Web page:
Useful Tools to Format Complex Documents in Google Docs

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Millions of people use Google Docs every day for writing novels, dissertations, resumes, recipes and thousands of other projects. In all of these things, organization – within the documents and beyond – can give you more time to concentrate on the act of creation rather than searching for that section that needs just one more tweak to make it perfect. This article takes a look at tools to help you better format your documents in Google Docs.

Outlines

The best way to begin a longer project is with an outline. For Google Docs, this means starting to define your structure with Heading styles, the first three of which are available on the Toolbar, where by default it says Paragraph. Access additional layers using “Format -> Paragraph styles.”

Image showing a document with outline pane visible.

The outline is available to the left of your page. To see it, select “View -> Show document outline.” Within the Outline pane, your headings automatically become links, allowing you to jump around the document without endless scrolling. When you hover over a heading, the X icon on the right will not delete the section but will remove it from your outline.

Table of Contents

Image showing the two options for creating a Table of Contents in Google Docs.

The same document structure used for outlines can also be used to create a Table of Contents. The difference here is that the ToC is created to be used by the reader. There are two options available. For printed distribution, select the first option at “Insert -> Table of contents.” This creates the list and adds page numbers.

For online distribution, choose the second option, which will add in standard hyperlinks to each section. If you make major changes to your text, remember to go back and refresh the ToC using the icon that appears when you select the frame. Text in the Table of Contents can be formatted like any other text.

Bookmarks

Document bookmarks create anchors within a document and can be used to navigate around work that may be distributed across different files, folders or accounts. If you have access to the document, clicking a Bookmark link will take you to that particular spot. This is great for large scale or collaborative document creation.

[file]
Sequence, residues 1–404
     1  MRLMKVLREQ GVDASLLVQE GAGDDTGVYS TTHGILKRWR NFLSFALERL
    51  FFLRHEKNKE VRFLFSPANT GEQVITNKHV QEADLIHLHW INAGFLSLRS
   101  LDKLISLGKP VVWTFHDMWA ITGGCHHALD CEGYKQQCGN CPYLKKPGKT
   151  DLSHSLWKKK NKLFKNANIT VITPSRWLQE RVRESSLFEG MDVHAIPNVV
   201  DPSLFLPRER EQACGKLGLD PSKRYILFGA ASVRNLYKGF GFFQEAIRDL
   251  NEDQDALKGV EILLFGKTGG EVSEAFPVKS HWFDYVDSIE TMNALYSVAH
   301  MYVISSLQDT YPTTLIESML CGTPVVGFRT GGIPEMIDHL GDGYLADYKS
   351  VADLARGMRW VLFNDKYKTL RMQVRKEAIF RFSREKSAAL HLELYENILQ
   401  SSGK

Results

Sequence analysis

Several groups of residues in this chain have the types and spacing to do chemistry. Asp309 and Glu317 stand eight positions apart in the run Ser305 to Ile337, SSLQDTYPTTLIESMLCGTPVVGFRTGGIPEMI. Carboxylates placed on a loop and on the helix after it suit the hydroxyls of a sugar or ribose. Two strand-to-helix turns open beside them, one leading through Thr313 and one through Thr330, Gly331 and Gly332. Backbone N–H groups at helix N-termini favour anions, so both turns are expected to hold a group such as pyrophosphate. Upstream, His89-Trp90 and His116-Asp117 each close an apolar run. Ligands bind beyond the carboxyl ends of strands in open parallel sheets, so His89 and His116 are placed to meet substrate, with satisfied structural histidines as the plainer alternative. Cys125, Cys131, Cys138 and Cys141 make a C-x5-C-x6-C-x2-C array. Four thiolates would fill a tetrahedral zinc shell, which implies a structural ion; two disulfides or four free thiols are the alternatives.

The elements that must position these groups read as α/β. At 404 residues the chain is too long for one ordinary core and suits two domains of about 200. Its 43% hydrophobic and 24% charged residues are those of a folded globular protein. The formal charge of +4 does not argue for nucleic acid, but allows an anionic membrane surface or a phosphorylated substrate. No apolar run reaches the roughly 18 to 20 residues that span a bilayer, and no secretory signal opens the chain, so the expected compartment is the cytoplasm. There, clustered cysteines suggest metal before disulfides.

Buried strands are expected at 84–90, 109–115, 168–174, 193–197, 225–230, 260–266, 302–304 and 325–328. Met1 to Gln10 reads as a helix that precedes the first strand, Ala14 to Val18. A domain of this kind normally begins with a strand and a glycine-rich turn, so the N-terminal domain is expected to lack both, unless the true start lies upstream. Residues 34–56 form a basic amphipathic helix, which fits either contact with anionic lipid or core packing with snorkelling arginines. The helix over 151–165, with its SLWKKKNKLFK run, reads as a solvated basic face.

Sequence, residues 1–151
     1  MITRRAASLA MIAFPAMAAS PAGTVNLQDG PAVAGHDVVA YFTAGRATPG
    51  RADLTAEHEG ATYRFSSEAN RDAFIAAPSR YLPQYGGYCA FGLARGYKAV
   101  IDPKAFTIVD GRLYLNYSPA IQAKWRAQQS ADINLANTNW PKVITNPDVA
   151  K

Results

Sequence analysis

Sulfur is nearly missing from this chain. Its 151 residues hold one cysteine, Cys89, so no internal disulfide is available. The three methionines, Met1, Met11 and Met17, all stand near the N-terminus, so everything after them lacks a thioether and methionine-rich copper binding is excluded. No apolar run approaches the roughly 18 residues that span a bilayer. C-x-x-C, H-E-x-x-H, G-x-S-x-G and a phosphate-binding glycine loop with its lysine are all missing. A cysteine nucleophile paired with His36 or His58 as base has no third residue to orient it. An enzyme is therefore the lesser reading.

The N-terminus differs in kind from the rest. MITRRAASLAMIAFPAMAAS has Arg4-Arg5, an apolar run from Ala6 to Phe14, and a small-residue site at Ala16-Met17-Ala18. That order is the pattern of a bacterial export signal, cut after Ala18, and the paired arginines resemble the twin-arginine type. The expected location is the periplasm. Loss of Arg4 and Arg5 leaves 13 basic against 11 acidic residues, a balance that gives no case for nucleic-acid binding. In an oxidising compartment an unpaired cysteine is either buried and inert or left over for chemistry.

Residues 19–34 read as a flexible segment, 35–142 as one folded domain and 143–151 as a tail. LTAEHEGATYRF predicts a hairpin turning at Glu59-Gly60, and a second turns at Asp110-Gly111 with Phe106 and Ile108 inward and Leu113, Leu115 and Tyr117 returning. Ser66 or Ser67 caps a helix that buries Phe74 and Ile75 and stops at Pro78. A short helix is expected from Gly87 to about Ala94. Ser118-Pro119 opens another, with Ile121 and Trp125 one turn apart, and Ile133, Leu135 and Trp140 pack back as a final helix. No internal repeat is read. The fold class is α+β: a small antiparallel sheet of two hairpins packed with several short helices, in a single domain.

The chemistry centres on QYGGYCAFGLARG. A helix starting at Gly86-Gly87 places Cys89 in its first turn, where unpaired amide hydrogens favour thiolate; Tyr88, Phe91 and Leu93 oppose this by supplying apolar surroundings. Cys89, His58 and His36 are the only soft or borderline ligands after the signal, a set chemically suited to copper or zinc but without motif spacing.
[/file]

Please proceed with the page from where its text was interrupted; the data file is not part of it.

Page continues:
Image showing the icon present once a bookmark is added to a page.

To add one, place the cursor where you want to link to and select “Insert -> Bookmark.” A small blue icon will appear next to it, and clicking this will provide an option to copy a link or remove the bookmark. Bookmarks are great for when you need to come back and work on a section. I use them to connect notes in Google Keep to sections that need more work.

Document breaks

There are three ways you can add breaks in a document. The first of these is a page break and will simply put any content following it onto a new page. It can be useful for a chapter ending or to avoid widow or orphan lines in your text. When using this, you should go back and check the fall of lines on your pages in case your page breaks have done something odd.

Image showing the options for section breaks in Google Docs.

Page breaks are treated like any page content; they can be deleted by putting the cursor below it and pressing backspace.

Section breaks are more useful in that they can be “continuous,” meaning the content will flow on the same page as the break, or “next page,” which will always put a page break before the next section. Sections can also have their own margin settings, which is especially useful in technical projects.

Section breaks are more persistent than page breaks. To get rid of one, first make them visible (“View -> Show section breaks”), then put your cursor on the end of the line above the break and tap the Delete key twice. Note that this is also going to delete the first letter of your next section.

Project links

Image showing some of the link options in Google Docs.

If your project is getting too complex, it may be better to break it into multiple documents, in which case, the “Insert -> Link” option is going to be very helpful. Highlight a piece of text and select this, and you’ll be given the option to link to any of the elements you set up earlier (headings or bookmarks) or some Web element related to your highlighted text, which is excellent for research.

This dialogue will also make a couple of suggestions for links to your own documents on Drive related to the highlighted word. You can also click on “Find more,” which will open a pane on the right with suggestions from the Web, Google Images or your own Drive folders. You can also, of course, simply paste in a URL, such as one created from the Bookmarks tool above.

Beyond working and formatting your documents in Google Docs, you can also cite articles in your documents, add signatures and compare two documents in Google Docs.

Check out more tips and tricks on Google Docs, too.

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Andy Channelle

Andy Channelle is a writer and web developer who has written for Linux Format, Mac Format, 3D World and others, and has also published best-selling books on Ubuntu Linux and OpenOffice.org. He's recently worked on web projects and campaigns for the International Red Cross and the UN. He produces - but hardly ever releases - electronica under the name Collision Detector. Andy lives in Wales, UK.

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